MILAN (Reuters Breakingviews) - May 27, 2019. It’s 6:25 a.m. on the U.S. East Coast. Mike P., a portfolio manager at Boston’s OMG Capital, messages a dealer contact in Milan via WhatsApp after checking the markets on his Eikon app.
Mike P. – Hey, what is going on in Italy? The 10-year BTP-Bund spread heading for 350!! It was below 300 when I checked on Friday. UniCredit shares are below 10 euros. Intesa below 2 euros??
Marco – Don’t you know? Matteo Salvini almost scored a home run in the European parliament elections.
Mike – You mean the anti-immigration guy who runs Italy’s League?
Marco – Yep. He got 39 percent of Italian votes, more than twice than in the March 2018 ballot.
Mike – NFW!
Marco - If this was a national vote, he could probably control both chambers of parliament. We think he is going to seek an early vote to break away from his partners in the government, the 5-Star Movement.
Mike – Is this good or bad? I’m still long Italian banks …
Marco – Well, our banks hold collectively like 320 billion euros of sovereign Italian bonds. For every 100 basis points in the spread, a listed Italian bank can lose 30 to 40 basis points of core capital. That means arrivederci dividends.
Mike – Can they handle that?
Marco – Big players like Intesa and UniCredit are in better shape than in 2011, when we had the last big sovereign debt scare. They have raised enough capital to sustain a severe shock, as the last stress test shows. And they sold lots of dud loans. But smaller ones, like Carige, are not out of the woods yet.
Mike – So I should calm down?
Marco – Not yet. There are other issues. The cost of refinancing is becoming prohibitive. UniCredit had to pay 420 bps of premium to issue a senior note in November. Before the League and 5-Star formed a government, the bank paid just 70 bps more.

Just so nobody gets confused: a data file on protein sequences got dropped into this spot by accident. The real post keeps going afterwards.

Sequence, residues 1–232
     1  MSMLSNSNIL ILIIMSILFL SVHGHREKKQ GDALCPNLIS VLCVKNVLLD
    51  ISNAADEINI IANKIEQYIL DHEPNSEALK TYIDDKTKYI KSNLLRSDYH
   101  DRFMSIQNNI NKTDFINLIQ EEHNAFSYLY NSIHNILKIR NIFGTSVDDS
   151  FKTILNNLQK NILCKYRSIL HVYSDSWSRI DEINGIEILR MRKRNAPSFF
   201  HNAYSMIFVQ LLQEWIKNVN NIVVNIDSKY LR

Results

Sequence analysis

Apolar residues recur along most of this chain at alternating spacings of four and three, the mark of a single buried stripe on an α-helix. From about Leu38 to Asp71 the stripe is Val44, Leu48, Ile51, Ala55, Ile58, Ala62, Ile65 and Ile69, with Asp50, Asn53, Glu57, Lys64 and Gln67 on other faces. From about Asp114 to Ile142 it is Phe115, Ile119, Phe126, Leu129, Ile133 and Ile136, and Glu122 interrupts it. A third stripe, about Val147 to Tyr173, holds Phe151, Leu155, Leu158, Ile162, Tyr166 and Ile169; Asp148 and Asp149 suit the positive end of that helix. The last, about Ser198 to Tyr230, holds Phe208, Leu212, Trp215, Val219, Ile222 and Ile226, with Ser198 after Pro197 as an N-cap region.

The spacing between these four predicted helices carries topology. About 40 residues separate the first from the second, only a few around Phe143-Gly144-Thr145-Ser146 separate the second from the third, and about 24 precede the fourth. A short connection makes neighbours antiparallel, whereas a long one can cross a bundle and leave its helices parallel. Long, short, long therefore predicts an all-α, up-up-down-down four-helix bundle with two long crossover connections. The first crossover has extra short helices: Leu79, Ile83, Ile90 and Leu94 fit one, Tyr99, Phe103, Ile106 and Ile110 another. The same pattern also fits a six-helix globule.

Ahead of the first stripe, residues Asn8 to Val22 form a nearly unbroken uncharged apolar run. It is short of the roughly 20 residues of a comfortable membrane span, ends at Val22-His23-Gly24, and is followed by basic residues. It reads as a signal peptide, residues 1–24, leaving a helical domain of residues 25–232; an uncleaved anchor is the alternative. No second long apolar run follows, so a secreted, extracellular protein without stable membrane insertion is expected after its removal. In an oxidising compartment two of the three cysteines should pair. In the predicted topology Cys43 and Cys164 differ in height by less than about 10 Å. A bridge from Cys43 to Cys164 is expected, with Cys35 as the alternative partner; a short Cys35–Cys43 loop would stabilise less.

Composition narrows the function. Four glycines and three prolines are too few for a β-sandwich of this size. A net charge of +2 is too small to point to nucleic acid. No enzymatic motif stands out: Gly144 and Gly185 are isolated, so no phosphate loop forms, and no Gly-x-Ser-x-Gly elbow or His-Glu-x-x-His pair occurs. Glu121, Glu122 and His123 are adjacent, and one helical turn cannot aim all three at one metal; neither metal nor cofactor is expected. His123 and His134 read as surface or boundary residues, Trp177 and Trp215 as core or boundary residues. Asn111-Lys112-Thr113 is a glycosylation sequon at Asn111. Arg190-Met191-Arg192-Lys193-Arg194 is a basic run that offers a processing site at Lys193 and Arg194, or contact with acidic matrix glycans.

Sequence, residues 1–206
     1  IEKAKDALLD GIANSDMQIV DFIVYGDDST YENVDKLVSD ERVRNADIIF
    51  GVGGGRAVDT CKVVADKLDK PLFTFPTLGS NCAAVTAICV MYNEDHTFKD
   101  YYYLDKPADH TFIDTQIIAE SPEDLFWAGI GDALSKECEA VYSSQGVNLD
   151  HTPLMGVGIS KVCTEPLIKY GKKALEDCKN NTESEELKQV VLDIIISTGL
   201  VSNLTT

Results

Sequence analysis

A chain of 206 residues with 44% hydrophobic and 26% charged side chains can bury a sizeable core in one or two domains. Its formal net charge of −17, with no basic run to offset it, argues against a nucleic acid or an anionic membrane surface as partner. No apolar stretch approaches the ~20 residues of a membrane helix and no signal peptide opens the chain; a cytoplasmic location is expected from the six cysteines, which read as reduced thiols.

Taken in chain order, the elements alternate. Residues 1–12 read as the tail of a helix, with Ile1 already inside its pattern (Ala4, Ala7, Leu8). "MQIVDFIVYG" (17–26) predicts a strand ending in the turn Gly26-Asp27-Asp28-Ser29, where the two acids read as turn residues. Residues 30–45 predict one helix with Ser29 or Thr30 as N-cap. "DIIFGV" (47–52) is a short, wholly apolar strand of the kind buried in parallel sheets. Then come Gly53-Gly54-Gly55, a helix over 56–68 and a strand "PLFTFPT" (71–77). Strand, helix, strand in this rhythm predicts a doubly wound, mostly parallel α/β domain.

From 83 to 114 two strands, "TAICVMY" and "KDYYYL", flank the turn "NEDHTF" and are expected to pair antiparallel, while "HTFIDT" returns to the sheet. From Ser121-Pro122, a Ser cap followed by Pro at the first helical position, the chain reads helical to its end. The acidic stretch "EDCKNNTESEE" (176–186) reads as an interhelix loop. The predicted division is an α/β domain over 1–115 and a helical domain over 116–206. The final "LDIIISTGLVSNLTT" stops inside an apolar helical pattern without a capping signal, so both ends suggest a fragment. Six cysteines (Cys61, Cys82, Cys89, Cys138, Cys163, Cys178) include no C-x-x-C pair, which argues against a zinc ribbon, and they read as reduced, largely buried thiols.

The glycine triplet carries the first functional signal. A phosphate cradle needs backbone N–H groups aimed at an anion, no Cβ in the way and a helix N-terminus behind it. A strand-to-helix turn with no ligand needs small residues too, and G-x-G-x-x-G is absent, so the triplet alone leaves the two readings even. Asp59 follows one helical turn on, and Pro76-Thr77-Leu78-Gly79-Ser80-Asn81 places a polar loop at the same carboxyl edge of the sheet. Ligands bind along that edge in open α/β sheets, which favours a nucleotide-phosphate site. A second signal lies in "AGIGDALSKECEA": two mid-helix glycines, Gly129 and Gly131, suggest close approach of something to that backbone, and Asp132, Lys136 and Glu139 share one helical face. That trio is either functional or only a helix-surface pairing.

Mike – Should I sell then?
Marco – You need to watch Salvini. If he wins an early election hands down, he may tone down the EU-bashing and focus on pro-business reforms liked by his entrepreneurial base. But he still surrounds himself with eurosceptics like EU Affairs Minister Paolo Savona and MP Claudio Borghi. If he sticks with this crowd, the Quitaly risk will stay.
Mike - You’re killing me here, Marco. Should I just bite the bullet, buy Deutsche Bank stock and get out of Italy?
Mike – Marco, you still there? Marco?.......
- This is a Breakingviews prediction for 2019. To see more of our predictions, click reut.rs/2R6H5pG
Reuters Breakingviews is the world's leading source of agenda-setting financial insight. As the Reuters brand for financial commentary, we dissect the big business and economic stories as they break around the world every day. A global team of about 30 correspondents in New York, London, Hong Kong and other major cities provides expert analysis in real time.
Sign up for a free trial of our full service at https://www.breakingviews.com/trial and follow us on Twitter @Breakingviews and at www.breakingviews.com. All opinions expressed are those of the authors.